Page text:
Will the real New York Mets please stand up?


The title of this post is a paraphrase from the famous line of the television show “To Tell The Truth”. It also very appropriate for the 2015 New York Mets.

After starting the season 13-3, with an 11-game winning streak included, the Mets have gone 12-18 over their last 30 games. Additionally, they are 19-20 against teams not named the Philadelphia Phillies. On the other hand, the Mets have fared reasonably well within their division. They’ve gone 6-1 against the Phillies, 4-2 against the Braves, 5-2 against the Marlins, and 3-4 against the Nationals. So, back to the original question, who are the 2015 Mets?

Well, they pitch well. The Mets’ team ERA going into May 25th was 3.37, good for fourth in the National League. The staff does not issue many walks. Before the Memorial Day game, they had allowed 96 bases on balls, best in the National League. Individually, Bartolo Colon, though his ERA is high at 4.82, is 7-3 on the season. Matt Harvey, who may be going through a “dead arm period”, is 5-2 with a 2.91 ERA. The bullpen has been solid, with Jeurys Familia leading the way, posting 14 saves and a 1.69 ERA.

Offensively, the Mets have struggled. Their team batting average going into May 25th was .234, next to last in the National League. The team’s offense, going into the season, was predicated on OBP and power. Neither has manifested through 46 games, just over a quarter of the season. The Mets have hit 37 home runs, 11th in the league. The team’s OBP is .299, 13th in the league. As a natural outcome, the team has not been effective in scoring runs. They have scored 168 runs, 11th in the league.

The more important question is what to expect over the remaining 116 games. Will the Mets be an up-and-down team, that will somehow finish over .500 and in contention? Or, should we pay close attention to the sample size after the 13-3 start, the much larger one? Are the Mets more of a below .500 team, doomed to a seventh straight losing season unless changes are made?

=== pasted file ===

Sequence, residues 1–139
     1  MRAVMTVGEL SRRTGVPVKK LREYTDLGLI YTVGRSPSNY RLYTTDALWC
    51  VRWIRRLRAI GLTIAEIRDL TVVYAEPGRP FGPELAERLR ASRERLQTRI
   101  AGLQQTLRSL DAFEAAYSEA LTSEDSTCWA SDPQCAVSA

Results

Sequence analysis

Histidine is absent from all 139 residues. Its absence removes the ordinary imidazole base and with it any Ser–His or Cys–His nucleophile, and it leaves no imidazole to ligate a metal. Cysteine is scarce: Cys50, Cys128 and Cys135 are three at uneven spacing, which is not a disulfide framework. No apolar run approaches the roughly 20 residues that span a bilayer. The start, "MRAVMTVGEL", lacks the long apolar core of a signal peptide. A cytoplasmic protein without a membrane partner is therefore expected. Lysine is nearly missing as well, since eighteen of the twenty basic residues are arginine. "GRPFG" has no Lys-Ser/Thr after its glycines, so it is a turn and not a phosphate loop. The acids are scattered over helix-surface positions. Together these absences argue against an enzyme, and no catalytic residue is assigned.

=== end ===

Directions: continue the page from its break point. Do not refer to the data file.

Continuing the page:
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There are some ominous signs. Curtis Granderson and Michael Cuddyer, two of the offensive players of whom much is expected, have combined for 9 home runs. David Wright‘s future is at best in question with the recent diagnosis of spinal stenosis. Daniel Murphy, though he has fared better lately, is hitting only .268. The Mets are getting little from their catchers in the absence of Travis d’Arnaud, with Anthony Recker hitting .161 and Kevin Plawecki hitting .200.

There are some positive signs as well. Wilmer Flores, whose defense has improved of late, leads all MLB shortstops with 7 home runs. He is hitting a respectable .252. Lucas Duda is mashing left-handed pitching this year (an area of concern coming into this season), and has 6 home runs on the season. Juan Lagares continues to dazzle on defense, though his .264 average and .301 OBP are less than the Mets expect.

With one quarter of the 2015 season in the books, it’s hard to tell who the Mets are, and where they’re going. One can play point and counter-point with the team’s statistics, and probably not arrive at a true answer to what this team really is.

The most important question, in my opinion, is who Sandy Alderson thinks the Mets are at this point. Is Wright’s injury, combined with other key injuries and below-expectation performances, enough of a reason for Alderson to once again remain idle during the season? Will he again take the “we’re not quite there, but we’re close” approach? Or, will the General Manager see the team in contention, in a less-than-formidible division, and make that aggressive in-season move to try to vault his club into October baseball?

I think one can look at the body of work so far and be challenged to come to a conclusion about the 2015 Mets. So, I ask you, is this the year to go “all in”, or are there too many question marks to do so?

Let the debate, that will likely go until the July 31st trading deadline, begin.